Editors Information

  • Theodore B. Creighton, is a Professor at Virginia Tech and the Publications Director for NCPEA Publications, the Founding Editor of Education Leadership Review, and the Senior Editor of the NCPEA Connexions Project.
  • Brad E. Bizzell, is a recent graduate of the Virginia Tech Doctoral Program in Educational Leadership and Policy Studies, and is a School Improvement Coordinator for the Virginia Tech Training and Technical Assistance Center. In addition, Dr. Bizzell serves as an Assistant Editor of the NCPEA Connexions Project in charge of technical formatting and design.
  • Janet Tareilo, is a Professor at Stephen F. Austin State University and serves as the Assistant Director of NCPEA Publications. Dr. Tareilo also serves as an Assistant Editor of the NCPEA Connexions Project and as a editor and reviewer for several national and international journals in educational leadership.
  • Thomas Kersten is a Professor at Roosevelt University in Chicago. Dr. Kersten is widely published and an experienced editor and is the author of Taking the Mystery Out of Illinois School Finance, a Connexions Print on Demand publication. He is also serving as Editor in Residence for this book by Slate and LeBouef.

Calculating Correlations: Parametric and Nonparametric

In this set of steps, readers will calculate either a parametric or a nonparametric statistical analysis, depending on whether the data reflect a normal distribution. A parametric statistical procedure requires that its data be reflective of a normal curve whereas no such assumption is made in the use of a nonparametric procedure. Of the two types of statistical analyses, the parametric procedure is the more powerful one in ascertaining whether or not a statistically significant relationship, in this case, exists. As such, parametric procedures are preferred over nonparametric procedures. When data are not normally distributed, however, parametric analyses may provide misleading and inaccurate results. Accordingly, nonparametric analyses should be used in cases where data are not reflective of a normal curve. In this set of steps, readers are provided with information on how to make the determination of normally or nonnormally distributed data. For detailed information regarding the assumptions underlying parametric and nonparametric procedures, readers are referred to the Hyperstats Online Statistics Textbook at http://davidmlane.com/hyperstat/ or to the Electronic Statistics Textbook (2011) at http://www.statsoft.com/textbook/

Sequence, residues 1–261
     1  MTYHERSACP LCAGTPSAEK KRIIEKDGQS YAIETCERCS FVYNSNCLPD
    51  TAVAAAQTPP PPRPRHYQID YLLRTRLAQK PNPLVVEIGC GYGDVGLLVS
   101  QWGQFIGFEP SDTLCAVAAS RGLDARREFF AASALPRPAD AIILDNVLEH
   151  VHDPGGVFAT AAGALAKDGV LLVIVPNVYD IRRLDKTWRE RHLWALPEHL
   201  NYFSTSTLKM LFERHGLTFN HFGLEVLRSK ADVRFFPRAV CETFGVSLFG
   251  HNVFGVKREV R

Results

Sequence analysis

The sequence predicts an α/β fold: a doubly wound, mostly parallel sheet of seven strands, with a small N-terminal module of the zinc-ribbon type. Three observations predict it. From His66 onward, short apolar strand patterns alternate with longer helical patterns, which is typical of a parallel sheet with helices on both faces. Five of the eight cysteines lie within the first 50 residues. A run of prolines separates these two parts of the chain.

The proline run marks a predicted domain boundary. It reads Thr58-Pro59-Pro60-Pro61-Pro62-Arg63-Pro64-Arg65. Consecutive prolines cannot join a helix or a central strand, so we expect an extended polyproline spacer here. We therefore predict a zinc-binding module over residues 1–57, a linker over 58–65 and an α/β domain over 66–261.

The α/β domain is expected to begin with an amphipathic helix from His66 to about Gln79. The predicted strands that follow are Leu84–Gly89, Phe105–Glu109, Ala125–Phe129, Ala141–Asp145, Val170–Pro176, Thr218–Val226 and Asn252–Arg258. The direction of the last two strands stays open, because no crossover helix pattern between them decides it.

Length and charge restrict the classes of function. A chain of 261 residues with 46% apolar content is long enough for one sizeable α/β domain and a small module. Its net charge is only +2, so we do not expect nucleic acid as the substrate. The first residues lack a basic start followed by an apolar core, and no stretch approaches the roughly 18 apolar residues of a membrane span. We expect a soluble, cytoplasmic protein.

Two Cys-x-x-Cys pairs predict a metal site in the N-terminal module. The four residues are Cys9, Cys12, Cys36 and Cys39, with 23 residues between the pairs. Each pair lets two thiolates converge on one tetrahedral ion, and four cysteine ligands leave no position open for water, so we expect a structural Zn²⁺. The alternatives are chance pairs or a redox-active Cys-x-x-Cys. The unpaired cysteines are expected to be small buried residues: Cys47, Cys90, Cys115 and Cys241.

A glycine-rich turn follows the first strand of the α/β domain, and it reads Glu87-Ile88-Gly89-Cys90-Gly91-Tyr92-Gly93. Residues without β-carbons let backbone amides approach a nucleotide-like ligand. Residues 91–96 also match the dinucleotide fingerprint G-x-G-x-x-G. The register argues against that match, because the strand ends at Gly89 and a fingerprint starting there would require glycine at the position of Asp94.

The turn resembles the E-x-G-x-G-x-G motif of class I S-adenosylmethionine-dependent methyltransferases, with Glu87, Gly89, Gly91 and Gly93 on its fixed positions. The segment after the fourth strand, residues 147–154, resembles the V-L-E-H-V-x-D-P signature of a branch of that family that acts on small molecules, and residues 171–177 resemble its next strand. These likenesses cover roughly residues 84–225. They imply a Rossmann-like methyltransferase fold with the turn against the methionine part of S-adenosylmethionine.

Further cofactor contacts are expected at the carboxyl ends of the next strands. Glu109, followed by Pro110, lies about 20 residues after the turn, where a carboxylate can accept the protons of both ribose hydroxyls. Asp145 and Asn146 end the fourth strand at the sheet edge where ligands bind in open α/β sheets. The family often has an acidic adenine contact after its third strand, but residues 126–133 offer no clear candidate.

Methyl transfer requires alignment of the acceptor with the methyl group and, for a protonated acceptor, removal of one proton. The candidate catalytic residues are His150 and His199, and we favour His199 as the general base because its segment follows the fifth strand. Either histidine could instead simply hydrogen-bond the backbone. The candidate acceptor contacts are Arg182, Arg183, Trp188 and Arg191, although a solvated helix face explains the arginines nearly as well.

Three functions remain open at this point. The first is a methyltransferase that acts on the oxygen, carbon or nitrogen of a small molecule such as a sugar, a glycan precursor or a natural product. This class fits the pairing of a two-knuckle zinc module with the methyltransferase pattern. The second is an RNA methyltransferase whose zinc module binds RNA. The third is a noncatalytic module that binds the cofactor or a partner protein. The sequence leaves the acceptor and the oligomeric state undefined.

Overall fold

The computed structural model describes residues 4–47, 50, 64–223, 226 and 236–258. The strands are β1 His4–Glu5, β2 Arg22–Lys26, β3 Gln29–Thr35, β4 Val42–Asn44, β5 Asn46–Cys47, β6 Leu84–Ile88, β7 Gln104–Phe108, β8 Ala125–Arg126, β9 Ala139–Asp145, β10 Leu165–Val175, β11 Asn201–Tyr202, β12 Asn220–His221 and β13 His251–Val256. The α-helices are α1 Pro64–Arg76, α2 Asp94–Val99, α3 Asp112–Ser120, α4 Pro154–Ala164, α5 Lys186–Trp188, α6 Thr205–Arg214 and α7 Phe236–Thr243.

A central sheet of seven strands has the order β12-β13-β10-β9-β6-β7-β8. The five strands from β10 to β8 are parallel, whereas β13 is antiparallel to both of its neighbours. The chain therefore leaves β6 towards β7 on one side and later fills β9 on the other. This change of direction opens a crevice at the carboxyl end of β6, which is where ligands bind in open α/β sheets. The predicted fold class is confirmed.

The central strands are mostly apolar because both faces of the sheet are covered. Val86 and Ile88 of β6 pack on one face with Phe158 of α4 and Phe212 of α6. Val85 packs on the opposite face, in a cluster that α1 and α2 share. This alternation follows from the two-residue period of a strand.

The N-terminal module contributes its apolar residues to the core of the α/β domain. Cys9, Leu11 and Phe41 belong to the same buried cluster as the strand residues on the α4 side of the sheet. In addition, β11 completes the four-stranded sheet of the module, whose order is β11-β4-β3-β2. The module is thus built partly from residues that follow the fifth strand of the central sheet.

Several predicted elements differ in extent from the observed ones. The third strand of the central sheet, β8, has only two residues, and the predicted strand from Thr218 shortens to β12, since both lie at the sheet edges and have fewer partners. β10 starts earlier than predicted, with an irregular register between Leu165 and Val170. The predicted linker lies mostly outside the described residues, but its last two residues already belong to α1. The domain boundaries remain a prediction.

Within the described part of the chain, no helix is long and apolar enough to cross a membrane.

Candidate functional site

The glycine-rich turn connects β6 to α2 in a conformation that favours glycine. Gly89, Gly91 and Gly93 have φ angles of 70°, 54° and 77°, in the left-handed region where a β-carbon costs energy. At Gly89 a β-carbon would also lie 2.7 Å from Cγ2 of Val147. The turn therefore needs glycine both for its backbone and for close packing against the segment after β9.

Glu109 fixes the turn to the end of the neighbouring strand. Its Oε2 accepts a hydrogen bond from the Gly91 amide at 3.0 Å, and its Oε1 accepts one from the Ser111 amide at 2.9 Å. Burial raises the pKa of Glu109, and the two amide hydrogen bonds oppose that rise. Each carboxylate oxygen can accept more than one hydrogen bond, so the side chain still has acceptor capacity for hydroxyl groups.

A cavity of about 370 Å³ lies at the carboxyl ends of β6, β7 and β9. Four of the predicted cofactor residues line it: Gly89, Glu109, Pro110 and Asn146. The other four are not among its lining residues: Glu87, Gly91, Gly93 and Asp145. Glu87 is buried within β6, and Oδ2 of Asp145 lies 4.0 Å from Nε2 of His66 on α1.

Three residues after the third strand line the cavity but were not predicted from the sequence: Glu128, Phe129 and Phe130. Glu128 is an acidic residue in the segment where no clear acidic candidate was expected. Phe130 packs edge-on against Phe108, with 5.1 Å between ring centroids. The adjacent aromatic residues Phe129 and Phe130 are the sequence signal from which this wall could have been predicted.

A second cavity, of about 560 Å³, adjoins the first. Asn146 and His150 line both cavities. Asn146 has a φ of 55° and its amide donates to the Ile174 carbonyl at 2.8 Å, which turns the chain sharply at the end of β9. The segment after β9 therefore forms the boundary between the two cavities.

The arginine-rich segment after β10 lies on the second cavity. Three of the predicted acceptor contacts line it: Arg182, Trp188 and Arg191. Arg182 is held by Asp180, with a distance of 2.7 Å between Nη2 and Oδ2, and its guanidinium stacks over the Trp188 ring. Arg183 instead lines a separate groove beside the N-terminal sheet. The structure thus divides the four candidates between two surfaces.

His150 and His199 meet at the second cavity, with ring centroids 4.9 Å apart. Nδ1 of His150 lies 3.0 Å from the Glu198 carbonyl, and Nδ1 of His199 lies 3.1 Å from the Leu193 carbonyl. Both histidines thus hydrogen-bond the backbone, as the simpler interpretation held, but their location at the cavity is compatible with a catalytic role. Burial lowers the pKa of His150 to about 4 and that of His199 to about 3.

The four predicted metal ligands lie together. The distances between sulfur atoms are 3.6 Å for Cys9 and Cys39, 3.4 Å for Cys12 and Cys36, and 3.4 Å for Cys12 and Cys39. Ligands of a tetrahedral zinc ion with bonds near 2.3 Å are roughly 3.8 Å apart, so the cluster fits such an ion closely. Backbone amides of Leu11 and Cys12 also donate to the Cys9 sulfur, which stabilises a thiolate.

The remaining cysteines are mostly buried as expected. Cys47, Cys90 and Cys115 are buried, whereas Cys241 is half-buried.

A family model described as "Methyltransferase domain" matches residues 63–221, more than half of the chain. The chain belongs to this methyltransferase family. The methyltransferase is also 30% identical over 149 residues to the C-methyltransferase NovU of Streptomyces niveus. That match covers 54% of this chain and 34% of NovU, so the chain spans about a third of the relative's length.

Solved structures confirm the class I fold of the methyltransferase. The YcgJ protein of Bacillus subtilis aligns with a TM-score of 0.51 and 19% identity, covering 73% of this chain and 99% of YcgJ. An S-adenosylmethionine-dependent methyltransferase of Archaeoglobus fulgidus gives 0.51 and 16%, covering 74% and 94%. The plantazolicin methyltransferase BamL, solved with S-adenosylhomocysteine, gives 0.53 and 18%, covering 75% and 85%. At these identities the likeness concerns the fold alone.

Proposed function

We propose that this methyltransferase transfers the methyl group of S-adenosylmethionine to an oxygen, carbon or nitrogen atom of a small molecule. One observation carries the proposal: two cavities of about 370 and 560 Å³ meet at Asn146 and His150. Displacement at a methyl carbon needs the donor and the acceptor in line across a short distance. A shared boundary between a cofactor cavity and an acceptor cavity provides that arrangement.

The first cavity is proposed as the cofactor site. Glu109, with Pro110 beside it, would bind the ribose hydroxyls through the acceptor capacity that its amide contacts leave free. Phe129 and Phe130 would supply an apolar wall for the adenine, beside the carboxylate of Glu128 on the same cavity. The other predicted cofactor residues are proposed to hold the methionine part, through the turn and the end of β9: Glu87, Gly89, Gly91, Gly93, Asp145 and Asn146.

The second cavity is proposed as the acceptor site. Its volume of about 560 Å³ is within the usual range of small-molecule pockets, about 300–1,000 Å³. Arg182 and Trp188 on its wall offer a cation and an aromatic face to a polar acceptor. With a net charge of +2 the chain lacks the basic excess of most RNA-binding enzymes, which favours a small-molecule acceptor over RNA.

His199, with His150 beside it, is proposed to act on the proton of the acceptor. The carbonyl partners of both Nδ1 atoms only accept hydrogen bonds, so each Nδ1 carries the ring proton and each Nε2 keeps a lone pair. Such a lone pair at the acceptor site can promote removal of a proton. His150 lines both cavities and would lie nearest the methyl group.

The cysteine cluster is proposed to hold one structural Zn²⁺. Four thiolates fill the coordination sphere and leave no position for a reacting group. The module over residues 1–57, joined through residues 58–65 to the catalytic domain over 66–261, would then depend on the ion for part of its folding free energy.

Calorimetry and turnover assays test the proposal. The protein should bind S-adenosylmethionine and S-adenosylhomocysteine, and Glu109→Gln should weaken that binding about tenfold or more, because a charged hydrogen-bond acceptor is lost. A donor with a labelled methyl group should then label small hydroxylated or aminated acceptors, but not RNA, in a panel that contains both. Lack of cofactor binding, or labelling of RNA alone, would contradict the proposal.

Research questions for which correlations are appropriate involve asking for relationships between or among variables. The research question, “What is the relationship between study skills and grades for high school students?” could be answered through use of a correlation.

Step One:

  • Perform ScatterPlots
  • √ Graphs
  • √ Legacy Dialogs
  • √ Scatter/Dot
  • √ The Simple Scatter icon should be highlighted

figure3.1.PNG

  • √ Define